Ohio Farmers’ Plea for Lower Property Tax Could Adversely Affect Schools

By Sam Milton — June 06, 2016 1 min read
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With Ohio’s budget deadline looming at the end of June, tensions remain high over House and Senate bills seeking to reduce property taxes for farmers, which could potentially take millions away from both residential homeowners and schools.

The controversy stems from how to adjust the Current Agricultural Use Value (CAUV), a formula used by the state to monitor agricultural property value. The value has already been adjusted in recent years to ease tax burdens on farmers battling tough conditions with high crop prices and low interest rates. According to the Columbus Dispatch, the average property value per acre of farmland dropped from $1,688 in 2014 to $1,279 in 2015, and some estimates claim the new bills would reduce the value by an additional 25 percent.

However, as is the case with any complex budgetary operation, an action elicits a reaction, meaning that lowering farm property values would increase the tax rates of residential homeowners to cover the difference.

In addition, Ohio’s Legislative Services Commission estimates that the dip in farmland value would result in annual tax losses of nearly $15 million for schools and $17 million for local governments.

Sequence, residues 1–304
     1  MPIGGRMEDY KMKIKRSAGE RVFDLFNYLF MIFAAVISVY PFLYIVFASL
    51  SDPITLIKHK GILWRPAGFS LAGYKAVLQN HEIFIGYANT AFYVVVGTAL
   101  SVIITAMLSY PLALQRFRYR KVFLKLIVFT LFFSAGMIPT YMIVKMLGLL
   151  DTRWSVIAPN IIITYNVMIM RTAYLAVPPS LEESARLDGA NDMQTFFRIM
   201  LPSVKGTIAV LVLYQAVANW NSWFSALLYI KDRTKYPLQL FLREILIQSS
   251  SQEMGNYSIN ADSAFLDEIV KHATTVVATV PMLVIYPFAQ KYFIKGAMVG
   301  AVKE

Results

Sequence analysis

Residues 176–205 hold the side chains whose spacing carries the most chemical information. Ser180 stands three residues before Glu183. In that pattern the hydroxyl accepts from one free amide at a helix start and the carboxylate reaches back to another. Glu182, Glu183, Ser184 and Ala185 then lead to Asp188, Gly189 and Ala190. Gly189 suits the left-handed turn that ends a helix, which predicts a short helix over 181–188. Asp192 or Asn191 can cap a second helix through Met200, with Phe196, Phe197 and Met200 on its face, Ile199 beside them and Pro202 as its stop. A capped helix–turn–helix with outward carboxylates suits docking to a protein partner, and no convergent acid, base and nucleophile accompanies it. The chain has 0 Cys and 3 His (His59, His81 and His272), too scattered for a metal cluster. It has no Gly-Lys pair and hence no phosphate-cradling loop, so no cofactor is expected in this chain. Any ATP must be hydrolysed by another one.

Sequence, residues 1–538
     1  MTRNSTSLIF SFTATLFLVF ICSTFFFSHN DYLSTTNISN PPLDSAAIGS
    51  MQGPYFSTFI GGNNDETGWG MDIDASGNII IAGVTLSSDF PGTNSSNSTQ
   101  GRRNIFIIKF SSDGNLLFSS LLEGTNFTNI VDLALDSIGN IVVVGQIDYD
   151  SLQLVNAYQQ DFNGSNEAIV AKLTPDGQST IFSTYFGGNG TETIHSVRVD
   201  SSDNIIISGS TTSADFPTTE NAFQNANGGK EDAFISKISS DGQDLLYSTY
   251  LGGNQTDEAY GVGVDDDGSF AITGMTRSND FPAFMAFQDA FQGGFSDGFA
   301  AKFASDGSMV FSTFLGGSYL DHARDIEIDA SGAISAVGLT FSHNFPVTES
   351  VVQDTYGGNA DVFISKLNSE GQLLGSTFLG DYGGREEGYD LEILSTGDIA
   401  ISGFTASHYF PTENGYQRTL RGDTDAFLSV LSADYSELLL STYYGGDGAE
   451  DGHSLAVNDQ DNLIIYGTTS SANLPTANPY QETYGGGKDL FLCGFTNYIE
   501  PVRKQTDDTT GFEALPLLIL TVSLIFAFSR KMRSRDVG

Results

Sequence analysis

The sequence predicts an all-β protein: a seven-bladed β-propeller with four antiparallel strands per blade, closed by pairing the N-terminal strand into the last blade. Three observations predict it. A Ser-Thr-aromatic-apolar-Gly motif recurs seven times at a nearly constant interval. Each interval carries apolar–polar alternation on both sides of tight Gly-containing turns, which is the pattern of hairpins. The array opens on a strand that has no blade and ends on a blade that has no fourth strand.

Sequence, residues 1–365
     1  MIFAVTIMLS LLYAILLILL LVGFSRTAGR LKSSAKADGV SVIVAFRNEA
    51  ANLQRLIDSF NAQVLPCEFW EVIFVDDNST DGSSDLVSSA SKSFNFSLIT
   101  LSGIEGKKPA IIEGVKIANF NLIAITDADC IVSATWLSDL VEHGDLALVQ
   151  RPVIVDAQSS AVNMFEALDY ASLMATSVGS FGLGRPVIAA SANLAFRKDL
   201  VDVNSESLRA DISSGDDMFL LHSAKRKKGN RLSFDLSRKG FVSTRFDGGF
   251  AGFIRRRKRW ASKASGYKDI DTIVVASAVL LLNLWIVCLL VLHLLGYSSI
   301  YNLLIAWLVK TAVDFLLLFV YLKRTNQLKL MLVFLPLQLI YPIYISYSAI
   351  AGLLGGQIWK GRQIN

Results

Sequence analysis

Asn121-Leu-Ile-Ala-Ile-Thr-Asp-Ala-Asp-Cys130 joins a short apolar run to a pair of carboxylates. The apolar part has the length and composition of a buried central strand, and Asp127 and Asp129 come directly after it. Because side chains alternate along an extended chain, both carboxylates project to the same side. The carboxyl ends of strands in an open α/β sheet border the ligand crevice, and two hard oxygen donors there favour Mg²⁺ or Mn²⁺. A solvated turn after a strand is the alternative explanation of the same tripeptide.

Howard Fleeter, an analyst for Ohio’s public education advocacy groups, also pointed out that diminishing farmland values would designate urban and suburban communities as comparatively wealthy in the state’s school funding formula, making it more difficult for them to receive money.

“Other than screwing up the State Share Index [school funding formula], a loss in revenue for local governments, and a tax shift to residential property taxpayers, what’s not to like?” joked Fleeter.

As recently as 2013, Ohio Gov. John Kasich was on the opposite side of the property tax issue, arguing then that lower property values in urban and suburban districts meant they had a more glaring need and therefore deserved additional funding.

Whether Kasich still abides by those convictions with regards to these bills remains to be seen.

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A version of this news article first appeared in the Rural Education blog.